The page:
"And your statement implies that you think they advocate actual science. Where is their funding for original research into climate issues?"

I'm not making accusations against AEI.

"Why would you assume that? If I wrote that "'Our Town' is to Thornton Wilder as 'Romeo and Juliet' is to Shakespeare" would you assume that I was implying that Wilder was as great a playwright as Shakespeare?"

Then the answer is "no."
2.9.2007 9:32pm
Chimaxx (mail):
No, you're the one trying to discredit the senators criticizing the AEI by associating them with the speaking fees and ex-president gets after leaving office.
2.9.2007 9:41pm
A. Zarkov (mail):
Climaxx:

Then the answer is "yes." You do assume the theory of Global Warming stands on as firm a foundation as the theory evolution? Or perhaps we are talking about different things.
2.9.2007 9:52pm
Chimaxx (mail):
Then the answer is "no."


Actually, the answer is "You can't assume."

And the answer is that your question is irrelevant: There is no scientific awards ceremony for the discipline with the firmest foundations.

Evolutionary theory has been honed and refined for over 200 years. Climate theory leading to an understanding of global warming is a new kid on the block, by comparison. Both seem to have firm foundations, with scientists building on and refining the theories and models. Both may continue to be around--refined, and honed but unchanged at the core--for the next millennium. Or either one could be overturned next week by a new Einstein, Galileo or Copernicus, pursuing some question, who discovers that what he has observed doesn't just refine or extend the model as scientists understand it but forces them to reexamine it at its core.

Where it won't come from is the Discovery Institute or the AEI--because they aren't doing original science, and they aren't interested in doing original science.
2.9.2007 9:58pm
Mark Field (mail):
I'm puzzled by the defense of the Senators. Personally, I think the worst of AEI. In my heart of hearts, I believe they are offering money for contrarian essays regardless of scientific merit (something which has never mattered to AEI at any time on any subject IMO).

So what? How is this the business of the Senators? Doing something about global warming? That is their business, not harassing others for their (deluded) opinions. God knows the world doesn't lack for those; the Senate will never accomplish anything if it wastes its time tilting at windmills.
2.9.2007 9:58pm
Elliot123 (mail):

If we can keep those senators writing silly letters, there's less chance they will be passing silly laws.
2.9.2007 9:59pm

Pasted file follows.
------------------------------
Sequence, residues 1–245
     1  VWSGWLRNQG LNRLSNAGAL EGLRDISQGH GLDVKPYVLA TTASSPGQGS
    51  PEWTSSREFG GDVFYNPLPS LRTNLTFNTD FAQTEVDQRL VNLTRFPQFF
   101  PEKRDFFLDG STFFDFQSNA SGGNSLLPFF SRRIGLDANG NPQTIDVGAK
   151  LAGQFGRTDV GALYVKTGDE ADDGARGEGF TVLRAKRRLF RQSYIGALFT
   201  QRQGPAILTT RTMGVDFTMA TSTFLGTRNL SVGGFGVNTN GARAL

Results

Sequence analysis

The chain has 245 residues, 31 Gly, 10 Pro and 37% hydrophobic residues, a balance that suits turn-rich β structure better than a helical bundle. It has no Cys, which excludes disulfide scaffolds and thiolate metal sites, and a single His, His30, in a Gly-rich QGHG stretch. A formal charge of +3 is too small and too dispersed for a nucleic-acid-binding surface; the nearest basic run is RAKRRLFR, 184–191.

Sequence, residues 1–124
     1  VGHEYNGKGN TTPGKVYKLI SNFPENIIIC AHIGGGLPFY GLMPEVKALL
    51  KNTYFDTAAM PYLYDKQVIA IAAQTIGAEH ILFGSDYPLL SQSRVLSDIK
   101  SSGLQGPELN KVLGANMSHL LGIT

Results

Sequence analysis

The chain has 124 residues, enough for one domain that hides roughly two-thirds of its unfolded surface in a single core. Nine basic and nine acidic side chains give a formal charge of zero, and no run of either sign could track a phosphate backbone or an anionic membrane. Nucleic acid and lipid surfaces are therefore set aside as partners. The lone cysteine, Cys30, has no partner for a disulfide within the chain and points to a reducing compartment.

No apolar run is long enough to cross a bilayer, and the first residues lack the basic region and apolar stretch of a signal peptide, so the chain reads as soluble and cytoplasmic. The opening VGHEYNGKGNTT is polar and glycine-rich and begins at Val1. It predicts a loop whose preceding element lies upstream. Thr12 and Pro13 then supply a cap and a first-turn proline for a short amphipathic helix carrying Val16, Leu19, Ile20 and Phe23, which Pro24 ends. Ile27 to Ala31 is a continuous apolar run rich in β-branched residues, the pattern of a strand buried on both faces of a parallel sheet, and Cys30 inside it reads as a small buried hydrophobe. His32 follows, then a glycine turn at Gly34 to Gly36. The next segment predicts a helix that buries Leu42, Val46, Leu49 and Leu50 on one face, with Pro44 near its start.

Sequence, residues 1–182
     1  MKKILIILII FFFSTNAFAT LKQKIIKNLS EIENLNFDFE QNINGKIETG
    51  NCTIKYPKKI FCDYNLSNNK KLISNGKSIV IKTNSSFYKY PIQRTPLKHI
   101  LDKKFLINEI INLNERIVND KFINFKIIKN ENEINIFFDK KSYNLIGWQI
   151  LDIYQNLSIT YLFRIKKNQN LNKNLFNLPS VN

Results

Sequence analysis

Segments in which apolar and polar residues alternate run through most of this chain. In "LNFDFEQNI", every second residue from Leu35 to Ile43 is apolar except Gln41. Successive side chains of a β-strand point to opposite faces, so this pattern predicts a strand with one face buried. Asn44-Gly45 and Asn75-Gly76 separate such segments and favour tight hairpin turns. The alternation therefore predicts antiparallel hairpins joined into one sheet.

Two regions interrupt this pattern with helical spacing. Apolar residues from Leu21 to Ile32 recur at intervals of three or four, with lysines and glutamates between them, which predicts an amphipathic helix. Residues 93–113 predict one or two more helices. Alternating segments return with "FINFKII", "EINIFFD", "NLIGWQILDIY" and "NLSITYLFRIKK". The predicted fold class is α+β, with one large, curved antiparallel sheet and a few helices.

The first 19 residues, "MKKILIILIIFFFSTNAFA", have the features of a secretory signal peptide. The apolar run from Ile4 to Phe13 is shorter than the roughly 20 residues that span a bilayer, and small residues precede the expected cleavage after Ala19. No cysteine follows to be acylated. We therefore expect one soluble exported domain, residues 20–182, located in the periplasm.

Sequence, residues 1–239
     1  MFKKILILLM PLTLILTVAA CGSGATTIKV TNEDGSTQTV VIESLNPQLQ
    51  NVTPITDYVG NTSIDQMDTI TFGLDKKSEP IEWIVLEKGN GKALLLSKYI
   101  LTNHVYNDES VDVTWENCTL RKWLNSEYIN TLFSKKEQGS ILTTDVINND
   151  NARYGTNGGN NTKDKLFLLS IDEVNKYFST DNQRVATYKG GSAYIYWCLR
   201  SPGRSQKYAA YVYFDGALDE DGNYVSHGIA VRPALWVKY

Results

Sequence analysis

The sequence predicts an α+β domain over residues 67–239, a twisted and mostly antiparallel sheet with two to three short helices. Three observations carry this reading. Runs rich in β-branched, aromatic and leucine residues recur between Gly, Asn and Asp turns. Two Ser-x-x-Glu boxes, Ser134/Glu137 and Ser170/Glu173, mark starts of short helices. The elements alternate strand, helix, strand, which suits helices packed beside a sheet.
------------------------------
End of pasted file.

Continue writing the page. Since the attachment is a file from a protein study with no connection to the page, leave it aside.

Viscus (mail) (www):
I am glad to the see the Senators taking the AEI to task. I seriously used to think the AEI was intellectually honest, even if I disagreed with them, before this incident.

Here is a simply algorithm.
(1) Report sponsored by AEI lands on your desk.
(2) Trash it, unless written by a scholar with an independent and stellar reputation for intellectual honesty.

In a comment on a previous post, someone mentioned that Eugene Volokh received a small honorarium from AEI. Despite this, I don't think Volokh would sell out. (Especially not for a small amount of money.)

It is going too far to say that if someone is associated with AEI they are intellectually dishonest sellouts per se. However, such an association does deserve a careful investigation.

I am glad that these Senators called attention to this scandal involving AEI, which before now, had a better reputation. The stubborness of AEI in face of this scandal is simply evidence that they don't take their reputation seriously.

At the very least, the letter that Adler posted on this very page seemed to imply a desire for certain sinister anti-IPCC emphasis to the work. Acknowledging this reasonable interpretation of this letter, AEI should have vowed in the future to indicate with crystal clear clarity in all solicitations for research that a scholarly work is to be truly independent and AEI is not looking to advance a particular view, but rather advance the truth regardless of agenda.

Even if AEI did change it's soliticians in this manner, AEI would still be suspect. It seems likely that AEI selects scholars who are most likely to advance a certain point of view. What comes first, the chicken or the egg? How free does an AEI scholar, even subconsciously, to change certain positions in face of an implicit threat of lack of future support?

AEI research should be heavily discounted or discarded, except for cases where the scholar in question has an independent and well-establish reputation for honesty. Especially in face of AEI's failure to make any reforms when this solicitation came to light.
2.9.2007 10:09pm
MnZ (mail):

So what? How is this the business of the Senators? Doing something about global warming? That is their business, not harassing others for their (deluded) opinions. God knows the world doesn't lack for those; the Senate will never accomplish anything if it wastes its time tilting at windmills.